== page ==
Jeff Koons — Popeye Sculpture
Past: September 16 → November 20, 2010
In 1997 the Galerie Jerome de Noirmont organised Jeff Koons’ first solo show in France, with a selection of works offering the French public an overall view of his career, from the first Inflatables made in 1979 up to the 1992 Puppy, a photograph representing the huge, flower — covered sculpture that Koons created for that year’s Documenta in Kassel.
In 2008 the exhibition Jeff Koons Versailles set up a new original dialogue between contemporary and classical art at the heart of the royal apartments in the Château of Versailles, placing some of Koons’s most iconic sculptures, both recent and early, in juxtaposition with treasures of French 18th-century art. Seeking to instil a strong sense of interactive significance into this confrontation between these different forms of artistic expression, and aware that he was addressing a wide public, the palace’s visitors some with little or no experience of contemporary art, Koons was very attentive to the hanging of his works, always aiming to interact with the decoration and function of the rooms. Thus his winsome Rabbit was exhibited in the Salon of Abundance, his Bear and Policeman in the Salon of War, and the shiny Moon in the Gallery of Mirrors.
His third solo show in France will be on view at the gallery; Jeff Koons will present his latest sculptures from his Popeye series.
Although his work contains numerous art historical references to figures from Fragonard to Picasso, and more notably to Duchamp and Dali, the key to Koons’s art is the relation to the viewer. His great concern is to address all kinds of people, whatever their social or cultural origin — to create trust in the viewer: as Koons himself states, “I am very conscious of the viewer because that’s where the art takes place. What’s important isn’t this object that we’re looking at; that object communicates the information that you want the viewer to have a dialogue with. (..) What I care about is letting the viewer know that they’re what’s important.”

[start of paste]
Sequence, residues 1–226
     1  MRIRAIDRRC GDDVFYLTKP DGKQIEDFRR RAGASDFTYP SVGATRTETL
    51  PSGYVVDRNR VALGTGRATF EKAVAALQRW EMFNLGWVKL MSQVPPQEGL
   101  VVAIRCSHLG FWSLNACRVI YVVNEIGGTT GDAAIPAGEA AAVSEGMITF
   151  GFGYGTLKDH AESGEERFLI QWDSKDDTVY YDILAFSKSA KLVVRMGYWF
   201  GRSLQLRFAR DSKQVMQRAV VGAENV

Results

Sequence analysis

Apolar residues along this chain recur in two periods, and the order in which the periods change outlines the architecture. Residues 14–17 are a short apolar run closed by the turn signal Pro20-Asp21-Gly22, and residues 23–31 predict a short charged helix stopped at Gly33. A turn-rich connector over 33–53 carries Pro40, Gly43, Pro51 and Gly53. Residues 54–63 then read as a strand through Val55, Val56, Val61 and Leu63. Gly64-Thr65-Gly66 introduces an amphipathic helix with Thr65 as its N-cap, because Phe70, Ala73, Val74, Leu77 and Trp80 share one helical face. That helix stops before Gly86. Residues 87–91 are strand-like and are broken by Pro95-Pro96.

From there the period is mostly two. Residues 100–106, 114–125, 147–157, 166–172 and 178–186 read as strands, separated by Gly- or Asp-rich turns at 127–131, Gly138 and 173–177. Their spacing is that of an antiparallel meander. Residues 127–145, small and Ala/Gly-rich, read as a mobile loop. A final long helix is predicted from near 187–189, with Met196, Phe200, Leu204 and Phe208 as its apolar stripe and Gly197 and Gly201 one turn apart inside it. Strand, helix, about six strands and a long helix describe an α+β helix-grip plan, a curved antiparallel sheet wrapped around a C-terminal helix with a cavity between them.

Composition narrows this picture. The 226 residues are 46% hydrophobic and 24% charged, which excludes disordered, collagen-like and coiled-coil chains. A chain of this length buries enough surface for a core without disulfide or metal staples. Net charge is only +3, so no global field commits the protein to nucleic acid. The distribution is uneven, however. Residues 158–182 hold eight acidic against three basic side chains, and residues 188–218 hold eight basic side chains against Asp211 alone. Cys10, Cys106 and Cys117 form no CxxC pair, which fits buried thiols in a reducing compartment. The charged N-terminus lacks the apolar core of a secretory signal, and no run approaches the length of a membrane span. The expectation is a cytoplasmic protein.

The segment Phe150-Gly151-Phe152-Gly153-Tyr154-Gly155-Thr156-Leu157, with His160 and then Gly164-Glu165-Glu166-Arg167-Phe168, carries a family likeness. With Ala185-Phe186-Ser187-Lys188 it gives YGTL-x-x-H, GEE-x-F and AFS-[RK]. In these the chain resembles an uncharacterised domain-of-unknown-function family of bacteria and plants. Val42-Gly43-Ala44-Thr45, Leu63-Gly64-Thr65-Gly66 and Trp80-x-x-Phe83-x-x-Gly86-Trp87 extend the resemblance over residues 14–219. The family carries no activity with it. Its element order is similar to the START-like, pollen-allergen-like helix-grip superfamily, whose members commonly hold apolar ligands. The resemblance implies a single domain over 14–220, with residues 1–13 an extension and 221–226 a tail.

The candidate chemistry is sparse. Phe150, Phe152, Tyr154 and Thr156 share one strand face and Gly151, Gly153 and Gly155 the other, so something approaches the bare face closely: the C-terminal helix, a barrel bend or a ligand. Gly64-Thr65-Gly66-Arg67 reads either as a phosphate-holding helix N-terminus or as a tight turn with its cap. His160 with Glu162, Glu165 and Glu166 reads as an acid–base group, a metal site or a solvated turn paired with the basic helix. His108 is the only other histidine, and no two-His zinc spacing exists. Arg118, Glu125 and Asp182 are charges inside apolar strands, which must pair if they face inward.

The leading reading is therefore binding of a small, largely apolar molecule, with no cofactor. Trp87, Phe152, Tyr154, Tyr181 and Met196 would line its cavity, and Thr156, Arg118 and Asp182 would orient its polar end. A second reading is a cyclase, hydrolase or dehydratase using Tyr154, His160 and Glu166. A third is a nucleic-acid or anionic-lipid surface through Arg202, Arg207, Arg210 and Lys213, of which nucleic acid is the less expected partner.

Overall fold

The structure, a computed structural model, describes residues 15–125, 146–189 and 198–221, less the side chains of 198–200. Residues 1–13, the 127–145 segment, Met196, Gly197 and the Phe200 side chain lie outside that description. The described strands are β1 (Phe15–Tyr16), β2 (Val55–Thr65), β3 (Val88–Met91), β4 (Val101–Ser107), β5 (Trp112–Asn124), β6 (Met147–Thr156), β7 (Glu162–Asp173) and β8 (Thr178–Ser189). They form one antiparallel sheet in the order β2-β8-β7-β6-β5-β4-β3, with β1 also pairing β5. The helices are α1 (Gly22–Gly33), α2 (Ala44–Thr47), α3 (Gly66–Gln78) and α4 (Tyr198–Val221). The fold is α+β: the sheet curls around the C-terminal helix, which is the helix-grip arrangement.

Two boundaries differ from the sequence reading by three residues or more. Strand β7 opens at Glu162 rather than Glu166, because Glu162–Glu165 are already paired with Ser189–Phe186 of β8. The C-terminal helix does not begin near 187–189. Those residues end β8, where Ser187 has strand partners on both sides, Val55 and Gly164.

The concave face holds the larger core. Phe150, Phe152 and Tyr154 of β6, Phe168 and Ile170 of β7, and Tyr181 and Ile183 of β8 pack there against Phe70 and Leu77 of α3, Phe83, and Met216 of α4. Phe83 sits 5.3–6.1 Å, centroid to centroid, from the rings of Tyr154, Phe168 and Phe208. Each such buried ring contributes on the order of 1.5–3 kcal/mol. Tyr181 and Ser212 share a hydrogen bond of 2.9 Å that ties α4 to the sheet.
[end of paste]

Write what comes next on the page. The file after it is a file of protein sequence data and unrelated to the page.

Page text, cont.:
In order to implement this discourse, which brings the subjective dimension back in the artwork, Koons uses a visual language that all can understand, involving popular archetypes that are essential images stored in the collective unconscious (flowers, toys, wedding rings, hearts). The artist heightens the metaphorical power of these archetypes either by reproducing them in shiny, reflective material, as in the Celebration series, or by heightening their realism in order to enhance their credibility.
The image of Popeye, an iconic American cartoon figure created in 1929, was a natural choice for Koons as a symbol of self-acceptance, not only in terms of this character’s optimistic and self-accepting personality (“I am what I am”), but also because of his obvious link to Pop Art and, more allusively, to Surrealism, two movements based on an acceptance of the world around us.
The idea for this series begun in 2002 came from the sight of a tree growing through a chain-link fence. This image inspired Koons to dream up a series in which “living” objects — usually an inflatable pool toy featuring a cartoonish animal — are combined with simple “readymade” objects such as a chair, a stepladder or a steel trashcan. Surrealist-like combinations of heterogeneous elements, the sculptures in the Popeye series are composite works, unlikely.
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